If treatment doesn’t work you can continue trying to have the cancer cured What’s new in Testicular Cancer Research? : What’s new in Testicular Cancer Research? Studies have identified factors to help predict which patients have a particularly good prognosis and may not need lymph node surgery or radiation therapy
Stem cell transplant is being studied as a strategy for helping men with a poor prognosis tolerate more intensive chemo therapy
New drugs and drug combinations are being tested for patients with recurrent cancer. References : "Testicular Cancer: Questions and Answers - National Cancer Institute." National Cancer Institute - Comprehensive Cancer Information. N.p., n.d. Web. 15 Oct. 2010. <http://www.cancer.gov/cancertopics/factsheet/sites-types/testicular>.
"Detailed Guide." American Cancer Society :: Information and Resources for Cancer: Breast, Colon, Prostate, Lung and Other Forms. N.p., n.d. Web. 19 Oct. 2010. <http://www.cancer.org/Cancer/TesticularCancer/DetailedGuide/index>. References "Testicular cancer - Wikipedia, the free encyclopedia." Wikipedia, the free encyclopedia. N.p., n.d. Web. 19 Oct. 2010. <http://en.wikipedia.org/wiki/Testicular_Cancer>.
"Dictionary of Cancer Terms - National Cancer Institute." National Cancer Institute - Comprehensive Cancer Information. N.p., n.d. Web. 19 Oct. 2010. <http://www.cancer.gov/dictionary/>. Glossary : Acute- Symptoms or signs that begin and worsen quickly, not chronic
Chronic- A disease or condition that persists or progresses over a long period of time Glossary Benign- Not cancerous. Benign tumors may grow large but do not spread to other parts of the body. Also called nonmalignant
Malignant- Cancerous. Malignant tumors can invade and destroy nearby tissue and spread to other parts of the body Glossary : Metastasis- The spread of cancer from one part of the body to another. A tumor formed by cells that have spread is called a “metastatic tumor” or a “metastasis”. The metastatic tumor contains cells that are like those in the original (primary) tumor.
Carcinoma- Cancer that begins in skin or in tissues that line or cover internal organs. Glossary Myeloma- Cancer that arises in plasma cells, a type of white blood cell.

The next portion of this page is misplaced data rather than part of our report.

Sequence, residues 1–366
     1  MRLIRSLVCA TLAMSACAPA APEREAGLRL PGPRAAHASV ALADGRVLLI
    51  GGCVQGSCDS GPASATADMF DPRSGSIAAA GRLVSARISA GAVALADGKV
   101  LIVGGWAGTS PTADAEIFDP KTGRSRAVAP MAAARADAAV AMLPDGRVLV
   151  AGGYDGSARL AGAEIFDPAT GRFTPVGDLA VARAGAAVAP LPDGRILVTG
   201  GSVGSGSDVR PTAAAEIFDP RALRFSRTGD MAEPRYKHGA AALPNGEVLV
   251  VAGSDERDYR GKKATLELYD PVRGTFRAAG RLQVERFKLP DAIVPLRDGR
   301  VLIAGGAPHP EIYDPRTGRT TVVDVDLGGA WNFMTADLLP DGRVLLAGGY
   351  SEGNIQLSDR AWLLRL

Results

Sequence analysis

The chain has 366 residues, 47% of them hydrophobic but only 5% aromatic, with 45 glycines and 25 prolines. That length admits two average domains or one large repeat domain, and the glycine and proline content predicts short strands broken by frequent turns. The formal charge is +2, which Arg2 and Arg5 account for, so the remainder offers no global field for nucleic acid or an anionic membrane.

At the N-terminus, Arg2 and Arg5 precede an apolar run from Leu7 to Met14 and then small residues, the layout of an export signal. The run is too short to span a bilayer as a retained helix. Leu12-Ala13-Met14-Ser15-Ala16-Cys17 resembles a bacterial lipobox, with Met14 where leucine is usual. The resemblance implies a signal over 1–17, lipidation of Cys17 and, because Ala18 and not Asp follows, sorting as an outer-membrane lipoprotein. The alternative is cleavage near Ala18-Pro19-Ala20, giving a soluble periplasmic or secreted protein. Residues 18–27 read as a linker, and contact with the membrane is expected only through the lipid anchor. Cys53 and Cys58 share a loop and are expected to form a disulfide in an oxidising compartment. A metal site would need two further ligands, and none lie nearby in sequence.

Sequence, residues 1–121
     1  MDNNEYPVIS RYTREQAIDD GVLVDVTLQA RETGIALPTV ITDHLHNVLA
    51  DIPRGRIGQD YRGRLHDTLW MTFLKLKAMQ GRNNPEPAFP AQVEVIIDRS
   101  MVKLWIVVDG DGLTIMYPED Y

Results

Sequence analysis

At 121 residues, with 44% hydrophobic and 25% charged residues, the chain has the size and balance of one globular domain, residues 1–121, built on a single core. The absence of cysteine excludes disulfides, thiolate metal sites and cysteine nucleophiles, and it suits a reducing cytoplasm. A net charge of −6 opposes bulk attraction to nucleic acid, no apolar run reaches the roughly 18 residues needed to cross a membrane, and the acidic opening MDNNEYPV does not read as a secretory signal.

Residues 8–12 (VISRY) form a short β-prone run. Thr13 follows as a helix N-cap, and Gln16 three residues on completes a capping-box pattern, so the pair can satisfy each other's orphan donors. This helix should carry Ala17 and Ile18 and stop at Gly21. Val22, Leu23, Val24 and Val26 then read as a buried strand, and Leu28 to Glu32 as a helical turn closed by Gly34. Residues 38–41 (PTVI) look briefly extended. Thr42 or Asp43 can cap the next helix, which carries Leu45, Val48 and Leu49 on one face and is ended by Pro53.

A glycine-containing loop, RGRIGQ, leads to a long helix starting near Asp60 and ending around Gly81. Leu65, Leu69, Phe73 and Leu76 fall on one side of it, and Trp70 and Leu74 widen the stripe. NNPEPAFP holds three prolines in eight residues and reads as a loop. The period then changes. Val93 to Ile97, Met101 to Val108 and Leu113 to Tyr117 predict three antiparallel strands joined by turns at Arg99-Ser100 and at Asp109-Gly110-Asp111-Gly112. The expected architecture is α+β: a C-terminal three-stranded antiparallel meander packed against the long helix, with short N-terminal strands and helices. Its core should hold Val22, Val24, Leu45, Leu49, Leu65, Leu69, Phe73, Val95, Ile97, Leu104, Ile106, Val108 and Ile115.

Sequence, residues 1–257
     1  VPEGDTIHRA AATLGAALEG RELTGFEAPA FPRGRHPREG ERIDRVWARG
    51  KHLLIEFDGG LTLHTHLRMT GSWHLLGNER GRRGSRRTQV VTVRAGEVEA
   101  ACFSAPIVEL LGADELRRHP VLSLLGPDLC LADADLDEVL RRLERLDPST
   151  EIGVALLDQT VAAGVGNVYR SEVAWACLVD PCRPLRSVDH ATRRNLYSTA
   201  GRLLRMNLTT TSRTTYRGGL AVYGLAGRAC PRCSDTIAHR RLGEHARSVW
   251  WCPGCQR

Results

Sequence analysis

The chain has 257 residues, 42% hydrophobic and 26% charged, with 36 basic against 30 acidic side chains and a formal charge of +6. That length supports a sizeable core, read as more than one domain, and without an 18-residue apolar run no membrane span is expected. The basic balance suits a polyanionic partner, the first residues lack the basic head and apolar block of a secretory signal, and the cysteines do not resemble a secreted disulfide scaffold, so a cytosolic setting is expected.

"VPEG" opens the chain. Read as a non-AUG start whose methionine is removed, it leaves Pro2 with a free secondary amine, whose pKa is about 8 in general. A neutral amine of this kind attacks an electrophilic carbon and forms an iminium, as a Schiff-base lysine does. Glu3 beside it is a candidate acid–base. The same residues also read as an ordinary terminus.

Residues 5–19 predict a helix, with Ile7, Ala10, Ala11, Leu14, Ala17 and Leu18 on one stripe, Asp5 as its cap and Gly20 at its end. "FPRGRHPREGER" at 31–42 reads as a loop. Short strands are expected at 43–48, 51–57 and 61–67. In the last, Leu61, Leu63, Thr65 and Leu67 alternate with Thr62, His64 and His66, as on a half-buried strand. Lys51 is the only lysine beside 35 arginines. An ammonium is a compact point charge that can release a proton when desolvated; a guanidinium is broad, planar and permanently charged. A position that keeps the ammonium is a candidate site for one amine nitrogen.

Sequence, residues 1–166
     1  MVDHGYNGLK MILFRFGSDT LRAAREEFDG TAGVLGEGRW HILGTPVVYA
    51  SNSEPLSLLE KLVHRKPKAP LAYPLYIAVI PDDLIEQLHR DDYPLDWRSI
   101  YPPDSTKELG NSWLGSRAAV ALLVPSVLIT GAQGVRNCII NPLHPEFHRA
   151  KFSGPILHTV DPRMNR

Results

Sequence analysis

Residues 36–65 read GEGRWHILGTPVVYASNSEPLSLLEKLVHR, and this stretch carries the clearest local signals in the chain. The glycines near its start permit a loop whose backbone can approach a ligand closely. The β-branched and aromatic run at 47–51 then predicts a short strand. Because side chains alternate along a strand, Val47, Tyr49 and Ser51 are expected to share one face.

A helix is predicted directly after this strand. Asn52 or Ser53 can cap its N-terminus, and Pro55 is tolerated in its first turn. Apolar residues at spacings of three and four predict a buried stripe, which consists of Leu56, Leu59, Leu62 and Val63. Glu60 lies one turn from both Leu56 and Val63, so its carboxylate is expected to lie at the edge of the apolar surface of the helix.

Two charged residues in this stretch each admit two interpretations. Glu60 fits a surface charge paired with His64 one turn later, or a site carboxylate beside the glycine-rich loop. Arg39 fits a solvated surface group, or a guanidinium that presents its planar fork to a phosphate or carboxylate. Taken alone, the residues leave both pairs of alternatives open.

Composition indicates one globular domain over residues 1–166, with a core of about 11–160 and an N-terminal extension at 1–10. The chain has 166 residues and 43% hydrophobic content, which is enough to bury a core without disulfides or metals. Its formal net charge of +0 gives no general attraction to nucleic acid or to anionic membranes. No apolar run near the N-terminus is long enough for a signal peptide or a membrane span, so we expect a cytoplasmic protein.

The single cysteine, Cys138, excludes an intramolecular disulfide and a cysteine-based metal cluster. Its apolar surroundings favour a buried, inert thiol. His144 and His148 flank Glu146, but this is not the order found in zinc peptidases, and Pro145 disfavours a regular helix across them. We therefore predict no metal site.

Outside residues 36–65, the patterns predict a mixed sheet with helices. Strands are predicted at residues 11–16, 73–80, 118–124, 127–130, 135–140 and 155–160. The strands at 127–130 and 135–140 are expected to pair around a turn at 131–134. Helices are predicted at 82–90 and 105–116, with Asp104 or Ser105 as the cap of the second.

Sarcoma- A cancer of the bone, cartilage, fat, muscle, blood vessels, or other connective or supportive tissue.
Incidence- The number of new cases of a disease diagnosed each year. glossary : Diagnosis- The process of identifying a disease, such as cancer from its signs and symptoms.
Prognosis- The likely outcome or course of disease; the chance of recovery or recurrence.
Chemotherapy- Treatment with drugs that kill cancer cells. glossary Radiation Therapy- The use of high-energy radiation from x-rays, gamma rays, neutrons, protons, and other sources to kill cancer cells and shrink tumors. Radiation may come from outside the body (external beam radiation therapy), or it may come from radioactive material placed in the body near the cancer cells (internal radiation therapy). Systematic radiation therapy uses a radioactive substance, such as radiolabeled monoclonal antibody, that travels in the blood to tissues throughout the body. Also called irradiation and radio therapy. Glossary : Glossary Clinical Trial- A type of research study that tests how well new medical approaches work in people. These studies test new methods of screening, prevention, diagnosis, or treatment of disease. Also called clinical study. Self Exam : Self Exam